unidentified Lasiocampidae larva, Peruvian Andes, 2800m ©
Heraclides thoas, disguised as a bird
dropping. Rio Alto Madre de Dios, Peru ©
Gregarious behaviour and larval webs
speaking larvae which feed as solitary individuals tend to be
palatable to predators, and rely primarily on camouflage - colours,
patterns and textures which help them to avoid detection. Larvae
which feed gregariously tend to be unpalatable or toxic to
predators. They often advertise their toxicity with bold aposematic
colours - a seething mass of brightly coloured wriggling larvae is
much more likely to deter a potential predator than a single larva
could. Gregarious behaviour also serves other purposes, e.g. a group
of larva can quickly construct a communal silk shelter in which they
can hide from predators and parasitoids. These larval shelters or
nests also protect them from the ravages of extreme weather such as
heavy rain, flooding and high winds.
If molested, some
species such as the caterpillar of the Peacock butterfly
Inachis io react by 'reflex bleeding',
i.e. they spurt a foul smelling and noxious fluid from glands behind
the head. This acts as a warning to wasps, spiders and predatory
birds that they are distasteful and should be left alone.
Molestation also causes the caterpillars to wriggle violently and
drop from their leaf into the herbage below, presumably as a defence
against parasitoid wasps or flies. Nevertheless at least 90% of
Peacock larvae fall victim to attack by the Tachinid fly
Zenilla vulgaris. Other Tachinids
including Pelatachina tibialis,
Sturmia bella and
Phryxe vulgaris are also recorded as parasitizing
Inachis io, 5th instar larva,
Hungerford, Berkshire ©
Multiple defence strategies
Birds rely primarily on sight to locate prey, so the evolution of
visually directed defences such as camouflage, disguise and aposematic
colouration reduces the likelihood of larvae being eaten.
These strategies work quite effectively against vertebrates but they
provide no protection against invertebrates such as spiders, wasps,
bugs and ants, which rely primarily on smell to locate their prey. The
larvae of many species have consequently evolved a twin pronged
The larva of the Puss moth
Cerura vinula uses disguise as it's
first line of defence. When at rest its disruptive pattern of green
and dark purplish-brown gives it the appearance of a curled up leaf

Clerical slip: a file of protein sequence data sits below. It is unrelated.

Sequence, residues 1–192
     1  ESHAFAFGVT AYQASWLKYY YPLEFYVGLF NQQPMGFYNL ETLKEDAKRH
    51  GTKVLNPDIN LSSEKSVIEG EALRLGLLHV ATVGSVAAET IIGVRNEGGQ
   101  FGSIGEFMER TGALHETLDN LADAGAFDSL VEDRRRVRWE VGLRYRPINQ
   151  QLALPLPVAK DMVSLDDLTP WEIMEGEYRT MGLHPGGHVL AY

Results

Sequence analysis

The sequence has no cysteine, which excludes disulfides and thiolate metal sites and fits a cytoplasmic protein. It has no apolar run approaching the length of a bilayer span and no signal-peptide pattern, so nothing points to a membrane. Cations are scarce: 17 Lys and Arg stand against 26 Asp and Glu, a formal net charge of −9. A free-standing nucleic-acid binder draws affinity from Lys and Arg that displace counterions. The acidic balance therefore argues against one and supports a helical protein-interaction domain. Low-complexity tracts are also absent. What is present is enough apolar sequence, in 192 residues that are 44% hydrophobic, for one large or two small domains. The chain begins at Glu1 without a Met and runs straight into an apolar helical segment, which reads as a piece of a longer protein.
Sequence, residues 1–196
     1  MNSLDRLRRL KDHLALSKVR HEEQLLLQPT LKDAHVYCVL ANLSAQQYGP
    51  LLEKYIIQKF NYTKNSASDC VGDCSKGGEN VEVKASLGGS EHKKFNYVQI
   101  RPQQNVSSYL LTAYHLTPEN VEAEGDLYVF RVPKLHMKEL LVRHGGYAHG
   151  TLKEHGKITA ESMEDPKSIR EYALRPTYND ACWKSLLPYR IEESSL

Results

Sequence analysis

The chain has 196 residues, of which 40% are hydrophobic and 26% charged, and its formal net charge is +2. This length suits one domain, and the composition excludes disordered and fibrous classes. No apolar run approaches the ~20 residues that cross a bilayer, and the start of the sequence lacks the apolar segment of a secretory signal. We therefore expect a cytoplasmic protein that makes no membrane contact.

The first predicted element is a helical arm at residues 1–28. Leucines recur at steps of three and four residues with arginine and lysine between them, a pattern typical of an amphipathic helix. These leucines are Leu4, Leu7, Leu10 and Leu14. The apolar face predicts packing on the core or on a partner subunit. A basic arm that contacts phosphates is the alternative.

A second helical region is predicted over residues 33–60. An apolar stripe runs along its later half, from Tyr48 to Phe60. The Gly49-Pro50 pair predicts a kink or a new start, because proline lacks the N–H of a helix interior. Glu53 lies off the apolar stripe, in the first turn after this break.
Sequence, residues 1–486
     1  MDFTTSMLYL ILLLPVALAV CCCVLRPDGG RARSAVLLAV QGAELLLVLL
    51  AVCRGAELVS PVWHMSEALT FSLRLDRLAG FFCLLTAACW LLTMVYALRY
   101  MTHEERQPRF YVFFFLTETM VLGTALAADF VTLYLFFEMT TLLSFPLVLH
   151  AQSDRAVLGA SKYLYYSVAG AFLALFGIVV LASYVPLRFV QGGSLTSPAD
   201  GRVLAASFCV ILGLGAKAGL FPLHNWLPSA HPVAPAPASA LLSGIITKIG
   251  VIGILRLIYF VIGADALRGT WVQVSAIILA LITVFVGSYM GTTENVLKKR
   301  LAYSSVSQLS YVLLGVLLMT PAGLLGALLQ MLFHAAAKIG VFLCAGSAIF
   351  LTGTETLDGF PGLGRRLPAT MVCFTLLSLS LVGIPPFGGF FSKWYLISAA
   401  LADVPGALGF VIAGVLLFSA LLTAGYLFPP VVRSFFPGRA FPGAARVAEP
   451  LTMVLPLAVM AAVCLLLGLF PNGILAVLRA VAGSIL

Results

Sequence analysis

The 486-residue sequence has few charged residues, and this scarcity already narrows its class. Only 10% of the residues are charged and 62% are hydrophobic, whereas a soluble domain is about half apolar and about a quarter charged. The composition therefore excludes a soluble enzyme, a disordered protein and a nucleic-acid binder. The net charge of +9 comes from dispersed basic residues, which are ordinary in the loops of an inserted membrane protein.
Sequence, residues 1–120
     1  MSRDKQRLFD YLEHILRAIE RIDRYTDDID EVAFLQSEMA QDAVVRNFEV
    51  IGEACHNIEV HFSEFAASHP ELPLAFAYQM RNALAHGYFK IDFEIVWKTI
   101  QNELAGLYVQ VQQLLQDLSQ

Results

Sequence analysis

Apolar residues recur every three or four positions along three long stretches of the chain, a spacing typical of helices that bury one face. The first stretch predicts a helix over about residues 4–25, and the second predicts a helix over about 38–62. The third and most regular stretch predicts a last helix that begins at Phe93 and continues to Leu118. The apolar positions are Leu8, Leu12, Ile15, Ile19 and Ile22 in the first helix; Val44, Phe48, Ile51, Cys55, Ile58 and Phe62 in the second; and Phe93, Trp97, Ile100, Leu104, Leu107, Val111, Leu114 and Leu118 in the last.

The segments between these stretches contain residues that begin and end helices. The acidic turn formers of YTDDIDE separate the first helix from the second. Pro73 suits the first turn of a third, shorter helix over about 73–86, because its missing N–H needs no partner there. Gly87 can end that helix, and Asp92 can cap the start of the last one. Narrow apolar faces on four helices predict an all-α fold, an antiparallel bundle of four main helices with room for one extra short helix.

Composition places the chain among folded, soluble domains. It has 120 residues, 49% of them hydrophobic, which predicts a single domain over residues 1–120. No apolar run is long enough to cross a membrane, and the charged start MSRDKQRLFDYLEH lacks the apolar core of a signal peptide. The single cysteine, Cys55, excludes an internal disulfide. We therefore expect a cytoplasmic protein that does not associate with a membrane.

with darkened edges. This illusion is reinforced by the presence of
a pair of tail prongs which are held together, simulating a leaf
stalk. The disguise helps it avoid being spotted by birds, but
offers it no protection against parasitoid wasps that track victims
down by scent. To deal with wasp attacks it switches to active
defence mode. When molested it rears up and retracts its head. This
causes the prothorax to expand, exposing a bright crimson 'false
head', complete with prominent false eyes.
If this is insufficient to deter an
attacking wasp the larva then spreads its tail prongs and everts a
pair of whip-like threads which are waved angrily. Even this may not
be enough to deter a wasp however so a last resort defence the larva
can eject formic acid - the same chemical used by bees, wasps and
ants in their stings.
Most Swallowtail larvae are palatable to birds and employ cryptic
colours and patterns as their first line of defence. If discovered
however they activate additional defences. Many for example have a
pair of 'false eye' markings on the thoracic segments, and can inhale
air through the spiracles to puff up the thorax, emphasising their
threatening appearance. This is often enough to deter birds from
attacking. Molestation by insect predators and parasitoids however
elicits a different response from the larvae. In this instance they
evert the 'osmaterium' behind their heads. This discharges airborne
isobutyric and 2-methylbutyric acids which has been shown to repel
ants and Homopteran predators. It also deters oviposition by
parasitoid wasps and flies.
Peruvian Cattleheart larva
Parides anchises with osmaterium extended ©
Geometrid moth larvae use disguise as their primary defence - they
look just like tiny twigs, and reinforce this similarity by stretching
out their bodies in a straight line so that they project twig-like
from a sprig of their foodplant. If molested they release grip on the
sprig, dropping instantly from a bungee-cord of silk. They dangle at
the end of this thread until the attacker has moved on. After a while
they haul themselves back up, consuming the silk thread as they do so.
species such as the Small Tortoiseshell Aglais
urticae, the Tiger moth Arctia caja
and the Fox moth Macrothylacia rubi try
to escape when they perceive a threat. If alarmed they simply roll
into a ball and drop to the ground. Aglais
larvae are covered in spines. Arctia and
Macrothylacia larvae are hairy. In both
cases birds remember from previous experiences that such larvae are
difficult or uncomfortable to swallow, and sight-reject them.